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Had Grace at the vet yesterday for some lameness and she was diagnosed with arthritis. She's a 9 year old, 107lb dog who has been pretty active most of her life so I'm not super surprised. However, we've never had a dog with this level of arthritis before. The vet prescribed her Deramaxx and I've purchased her some Dasuquin as well. She's on Deramaxx for 2 weeks and then if it makes a big improvement the vet recommended bringing her back in for a blood panel and then having her take that daily essentially for the rest of her life. So far the Deramaxx hasn't made much of a difference, if any (two doses in). I believe she's on a low dose and I will probably ring the vet and see if I can give her a higher dose, at least for a day or two. The Dasuquin I ordered should be arriving today.

I'm hoping to get her activity level at least close to where it was prior to the last several months when the intermittent lameness began. She went from hiking 3-4 times a week and walking several miles a day to only being allowed outside on the smaller half of our yard and walking around the block on her good days. If we could at least get her out for a 30 minute walk a day and hiking once or twice a week, I'd be thrilled. Ideally I'd like to be able to manage this with supplements and maybe the Deramaxx before/after planned exercise, but only time will tell how realistic that is.

So, for those of you who have dealt or are dealing with managing an arthritic old dog - any tips? Supplements/meds that worked for you? Anyone pursue physical therapy?
 

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Our 14.5yo has been suffering from it for years now. I think we stopped walking him about 2 years ago now because it was clearly too painful for him... just letting hang out in the yard instead. We just recently gave him a turmeric supplement after reading about joint issues in dogs, and the difference has been AMAZING. In just a couple weeks he went from limping to the back door and refusing to go out because he didn't want to get down the two steps, and having to be carried upstairs at night, to just walking right out and going up and down without any issue... he's still limping a bit, but it's much better. He's been on Dasuquin with MSN for years now.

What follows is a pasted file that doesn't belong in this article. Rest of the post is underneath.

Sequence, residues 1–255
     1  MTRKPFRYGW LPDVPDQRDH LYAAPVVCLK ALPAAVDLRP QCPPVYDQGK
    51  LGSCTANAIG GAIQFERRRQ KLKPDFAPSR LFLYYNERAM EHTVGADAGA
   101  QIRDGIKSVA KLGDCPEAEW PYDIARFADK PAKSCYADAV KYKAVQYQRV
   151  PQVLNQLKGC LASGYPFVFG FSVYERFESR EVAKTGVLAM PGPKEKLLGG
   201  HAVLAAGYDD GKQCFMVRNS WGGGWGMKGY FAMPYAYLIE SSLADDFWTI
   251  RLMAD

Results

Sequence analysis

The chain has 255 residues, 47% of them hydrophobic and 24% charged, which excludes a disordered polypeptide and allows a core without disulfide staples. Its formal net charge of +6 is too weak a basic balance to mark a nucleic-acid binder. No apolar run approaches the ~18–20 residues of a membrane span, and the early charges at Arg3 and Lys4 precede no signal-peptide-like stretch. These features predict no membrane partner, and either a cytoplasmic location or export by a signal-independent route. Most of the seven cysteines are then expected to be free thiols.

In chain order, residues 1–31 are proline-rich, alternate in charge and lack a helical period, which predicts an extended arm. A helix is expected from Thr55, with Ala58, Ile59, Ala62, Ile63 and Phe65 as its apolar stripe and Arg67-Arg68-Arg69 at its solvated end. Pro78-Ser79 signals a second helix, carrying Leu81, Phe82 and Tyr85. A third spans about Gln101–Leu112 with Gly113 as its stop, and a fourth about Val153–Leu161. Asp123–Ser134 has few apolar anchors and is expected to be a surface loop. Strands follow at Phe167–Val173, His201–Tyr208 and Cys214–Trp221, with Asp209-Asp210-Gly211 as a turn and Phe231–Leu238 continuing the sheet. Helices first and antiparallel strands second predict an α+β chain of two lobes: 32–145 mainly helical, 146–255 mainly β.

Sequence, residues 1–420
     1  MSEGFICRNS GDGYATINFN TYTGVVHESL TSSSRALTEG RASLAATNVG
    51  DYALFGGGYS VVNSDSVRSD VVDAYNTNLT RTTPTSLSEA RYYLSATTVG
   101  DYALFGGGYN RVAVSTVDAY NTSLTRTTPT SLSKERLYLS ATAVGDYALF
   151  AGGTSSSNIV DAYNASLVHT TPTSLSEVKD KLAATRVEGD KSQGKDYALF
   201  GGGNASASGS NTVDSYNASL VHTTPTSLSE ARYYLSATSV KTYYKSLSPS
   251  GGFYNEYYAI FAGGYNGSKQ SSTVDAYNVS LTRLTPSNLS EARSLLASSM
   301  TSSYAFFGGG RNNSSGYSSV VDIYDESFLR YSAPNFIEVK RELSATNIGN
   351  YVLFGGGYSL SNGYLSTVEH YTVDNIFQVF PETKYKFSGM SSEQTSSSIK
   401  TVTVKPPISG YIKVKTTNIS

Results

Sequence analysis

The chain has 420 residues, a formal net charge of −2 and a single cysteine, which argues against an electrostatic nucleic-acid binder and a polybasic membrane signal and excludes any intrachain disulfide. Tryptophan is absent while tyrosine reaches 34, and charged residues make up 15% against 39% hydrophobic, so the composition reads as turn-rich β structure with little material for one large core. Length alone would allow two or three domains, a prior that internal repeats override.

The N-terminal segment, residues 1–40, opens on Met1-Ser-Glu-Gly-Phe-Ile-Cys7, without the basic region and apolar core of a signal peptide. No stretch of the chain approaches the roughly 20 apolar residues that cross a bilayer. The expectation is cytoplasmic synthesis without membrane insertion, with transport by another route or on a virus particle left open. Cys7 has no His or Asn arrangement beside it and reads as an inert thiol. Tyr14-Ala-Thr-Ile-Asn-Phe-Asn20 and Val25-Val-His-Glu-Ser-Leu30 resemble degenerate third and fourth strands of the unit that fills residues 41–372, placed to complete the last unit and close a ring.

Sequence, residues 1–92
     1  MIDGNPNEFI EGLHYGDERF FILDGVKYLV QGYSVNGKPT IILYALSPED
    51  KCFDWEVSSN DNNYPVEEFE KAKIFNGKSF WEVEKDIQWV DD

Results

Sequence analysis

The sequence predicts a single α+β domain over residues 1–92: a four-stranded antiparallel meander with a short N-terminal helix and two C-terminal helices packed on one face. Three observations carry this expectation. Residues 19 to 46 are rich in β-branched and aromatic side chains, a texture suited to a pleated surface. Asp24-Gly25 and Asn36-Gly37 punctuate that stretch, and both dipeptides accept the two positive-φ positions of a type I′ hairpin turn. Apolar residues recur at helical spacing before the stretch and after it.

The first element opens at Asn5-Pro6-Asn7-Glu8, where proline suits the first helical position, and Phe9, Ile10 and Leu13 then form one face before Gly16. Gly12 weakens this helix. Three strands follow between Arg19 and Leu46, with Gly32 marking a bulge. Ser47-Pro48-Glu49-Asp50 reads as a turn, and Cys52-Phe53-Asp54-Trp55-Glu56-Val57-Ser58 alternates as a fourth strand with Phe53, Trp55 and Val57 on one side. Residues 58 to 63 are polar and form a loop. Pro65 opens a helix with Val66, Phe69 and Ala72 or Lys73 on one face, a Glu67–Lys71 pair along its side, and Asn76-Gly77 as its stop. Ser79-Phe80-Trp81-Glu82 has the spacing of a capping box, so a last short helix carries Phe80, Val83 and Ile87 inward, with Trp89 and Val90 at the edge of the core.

We tried pain meds when his limping got worse (and when I put him on the turmeric supplement) and it totally messed up his liver and we had to stop, but you couldn't tell that he stopped. He's definitely much better now. So, I'd definitely give that shot.
 

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I'd do a blood panel now to make sure organ functions can safely handle medication. Then, for that weight of dog, I'd probably do 50 mg daily of the Deramaxx. Then a blood panel every 6 months if heavy use of NSAIDs or other painkillers or yearly with moderate use.

Of all the various painkillers that I have used for dogs after spays/neuters, other surgeries, arthritis and such, Deramaxx has been by far the easiest on their digestive systems and highly effective. At 100 mg a day, I think it was as good as the opiod Tramadol after Chester's knee surgery at age 9 (with existing hip arthritis)

Chester was on an as-need dose of Deramaxx for the last two yeata of his life. More activity and stiffness and I dosed a full pill, less stiffness and a half pill. Some weeks, nothing needed.

Cosquin seems to help but takes 4-6 weeks to build up in the system and start working. It isn't a quick noticble difference kind of thing.
 

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I'd do a blood panel now to make sure organ functions can safely handle medication. Then, for that weight of dog, I'd probably do 50 mg daily of the Deramaxx. Then a blood panel every 6 months if heavy use of NSAIDs or other painkillers or yearly with moderate use.

Of all the various painkillers that I have used for dogs after spays/neuters, other surgeries, arthritis and such, Deramaxx has been by far the easiest on their digestive systems and highly effective. At 100 mg a day, I think it was as good as the opiod Tramadol after Chester's knee surgery at age 9 (with existing hip arthritis)